Anti-Racism LibGuide

As conversations about race continue on campus and online, many are pushing the need for education on the subject.

To help with this cause, the Texas A&M University Libraries have created an Anti-Racism LibGuide with online resources covering topics such as institutional racism, privilege and white fragility, bias and microaggressions as well as books, podcasts and videos about Black experiences.

University libraries diversity program coordinator Marisol Moreno said the guide came about following a Libraries’ Diversity Advancement Committee discussion about recent Black Lives Matter protests and police brutality.

“While building the LibGuide, we made an effort to highlight materials that are readily available in our digital collection, as well as resources outside of the Libraries that were freely accessible to everyone,” Moreno said. “We have access to so many resources that not only allow folks to explore diverse voices, but also gives them an opportunity to learn from the activists and scholars who have been at the forefront of dismantling institutional racism.”

The premise for the term “anti-racism” comes from political activist Angela Davis’ statement “In a racist society, it is not enough to be non-racist, we must be anti-racist.” According to the guide, anti-racism is a way of looking at and reacting to society “in order to transform it.”

“For white people, being antiracist evolves with their racial identity development. They must acknowledge and understand their privilege, work to change their internalized racism, and interrupt racism when they see it,” the guide reads. “For people of color, it means recognizing how race and racism have been internalized, and whether it has been applied to other people of color.”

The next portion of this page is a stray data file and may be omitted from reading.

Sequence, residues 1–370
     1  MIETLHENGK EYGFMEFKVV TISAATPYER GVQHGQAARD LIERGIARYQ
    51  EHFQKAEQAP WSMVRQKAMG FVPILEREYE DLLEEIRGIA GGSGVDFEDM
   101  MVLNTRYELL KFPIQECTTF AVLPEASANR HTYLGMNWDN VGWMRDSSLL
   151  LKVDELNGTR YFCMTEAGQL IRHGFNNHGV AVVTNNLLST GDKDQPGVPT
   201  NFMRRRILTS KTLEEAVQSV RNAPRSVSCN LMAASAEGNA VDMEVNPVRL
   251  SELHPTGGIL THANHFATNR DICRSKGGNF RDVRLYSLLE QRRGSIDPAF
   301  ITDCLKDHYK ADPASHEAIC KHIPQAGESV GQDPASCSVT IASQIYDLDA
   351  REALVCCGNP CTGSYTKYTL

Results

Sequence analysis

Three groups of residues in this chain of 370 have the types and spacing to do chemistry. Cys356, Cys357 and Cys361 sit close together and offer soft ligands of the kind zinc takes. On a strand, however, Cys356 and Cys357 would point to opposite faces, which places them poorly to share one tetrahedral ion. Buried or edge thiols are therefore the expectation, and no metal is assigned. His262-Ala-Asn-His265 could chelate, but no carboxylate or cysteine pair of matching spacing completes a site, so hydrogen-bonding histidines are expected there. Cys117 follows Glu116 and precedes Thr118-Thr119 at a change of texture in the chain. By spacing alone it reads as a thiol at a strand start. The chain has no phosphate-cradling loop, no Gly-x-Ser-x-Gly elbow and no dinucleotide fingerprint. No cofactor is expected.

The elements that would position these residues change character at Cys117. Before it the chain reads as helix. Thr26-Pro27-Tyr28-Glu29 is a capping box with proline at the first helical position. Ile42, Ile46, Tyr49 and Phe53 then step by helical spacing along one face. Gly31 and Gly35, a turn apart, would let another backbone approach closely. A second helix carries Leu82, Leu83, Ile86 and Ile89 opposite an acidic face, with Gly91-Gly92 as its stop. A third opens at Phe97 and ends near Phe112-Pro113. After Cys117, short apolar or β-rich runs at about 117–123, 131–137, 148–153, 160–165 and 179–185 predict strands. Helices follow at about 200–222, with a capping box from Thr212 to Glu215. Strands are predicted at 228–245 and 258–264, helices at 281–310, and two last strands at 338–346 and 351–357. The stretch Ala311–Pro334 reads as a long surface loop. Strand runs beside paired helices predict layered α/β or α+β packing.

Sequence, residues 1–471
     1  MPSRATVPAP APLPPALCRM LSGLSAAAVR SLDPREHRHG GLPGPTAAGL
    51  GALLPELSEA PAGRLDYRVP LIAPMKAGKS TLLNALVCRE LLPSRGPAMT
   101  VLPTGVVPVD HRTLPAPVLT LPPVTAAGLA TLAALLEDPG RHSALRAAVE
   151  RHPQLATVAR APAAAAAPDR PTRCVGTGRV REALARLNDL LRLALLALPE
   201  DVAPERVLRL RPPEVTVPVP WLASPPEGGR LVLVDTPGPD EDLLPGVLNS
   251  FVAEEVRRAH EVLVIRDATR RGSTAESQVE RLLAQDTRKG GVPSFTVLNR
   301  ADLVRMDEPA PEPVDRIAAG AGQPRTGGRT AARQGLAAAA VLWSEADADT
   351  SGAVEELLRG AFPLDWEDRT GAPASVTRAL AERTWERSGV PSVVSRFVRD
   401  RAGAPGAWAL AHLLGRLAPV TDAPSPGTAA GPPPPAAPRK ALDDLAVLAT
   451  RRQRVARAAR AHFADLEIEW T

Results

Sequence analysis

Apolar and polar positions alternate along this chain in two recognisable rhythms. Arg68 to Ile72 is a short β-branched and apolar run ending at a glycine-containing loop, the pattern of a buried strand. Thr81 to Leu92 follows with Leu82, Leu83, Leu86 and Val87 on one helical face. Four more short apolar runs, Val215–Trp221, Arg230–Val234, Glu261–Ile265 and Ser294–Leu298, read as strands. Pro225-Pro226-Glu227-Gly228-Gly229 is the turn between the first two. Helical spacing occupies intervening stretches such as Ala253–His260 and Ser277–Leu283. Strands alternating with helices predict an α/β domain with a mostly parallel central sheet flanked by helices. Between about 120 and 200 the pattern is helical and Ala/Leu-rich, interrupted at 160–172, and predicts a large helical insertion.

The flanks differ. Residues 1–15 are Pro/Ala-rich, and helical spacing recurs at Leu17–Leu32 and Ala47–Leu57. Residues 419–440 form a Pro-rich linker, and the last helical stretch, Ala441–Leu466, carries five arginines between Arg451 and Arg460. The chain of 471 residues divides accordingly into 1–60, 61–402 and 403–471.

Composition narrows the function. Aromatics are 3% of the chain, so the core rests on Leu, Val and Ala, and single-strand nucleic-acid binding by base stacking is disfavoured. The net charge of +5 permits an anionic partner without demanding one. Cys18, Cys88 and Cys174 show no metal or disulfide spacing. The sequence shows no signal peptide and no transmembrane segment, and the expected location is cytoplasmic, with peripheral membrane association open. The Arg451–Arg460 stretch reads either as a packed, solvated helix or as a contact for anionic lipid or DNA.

According to sociology professor, Joe Feagan, Ph.D., white privilege stems from a preconceived idea of white virtuousness and the accompanying systematic oppression of non-whites.

“That oppression has been imbedded in our economic, political, educational and other institutions during slavery and Jim Crow, resulting in an estimated $20-30 trillion in just black economic losses and extensive present-day discrimination,” Feagan said. “Add-in other white oppression: genocidal oppression of Native Americans... Mexican Americans and Chinese Americans [and] many other groups of color thereafter. This oppression unjustly enriched whites at great expense of Americans of color. That is what white power and privilege really means.”

The key to overcoming this internal and external racism, Feagan said, is by joining groups such as the Antiracism Study Dialogue Circles, reading books and guides on racism and taking courses on anti-racism, and historical and ongoing oppression.

“It usually takes months, years, even a lifetime, for whites to deframe their dominant white racial frame and replace it with an authentic liberty and justice for all frame,” Feagan said. “We whites are taught that white racist frame from cradle to grave by our friends, peers, relatives, so that is unsurprising it takes much time and effort to even begin to change it.”

Moreno said she encourages readers to look beyond the guide, do their own research and start conversations with others about how to be anti-racist in today’s society.

“Our guide is intended to be a starting point for people to understand the structural inequities that have impacted BIPOC and other marginalized groups over generations,” Moreno said. “We hope it encourages honest and challenging conversations, particularly for the folks who are just becoming aware and have an honest desire to do right by the people who are being discriminated [against].”

To access the A&M Libraries Anti-Racism LibGuide, click here.

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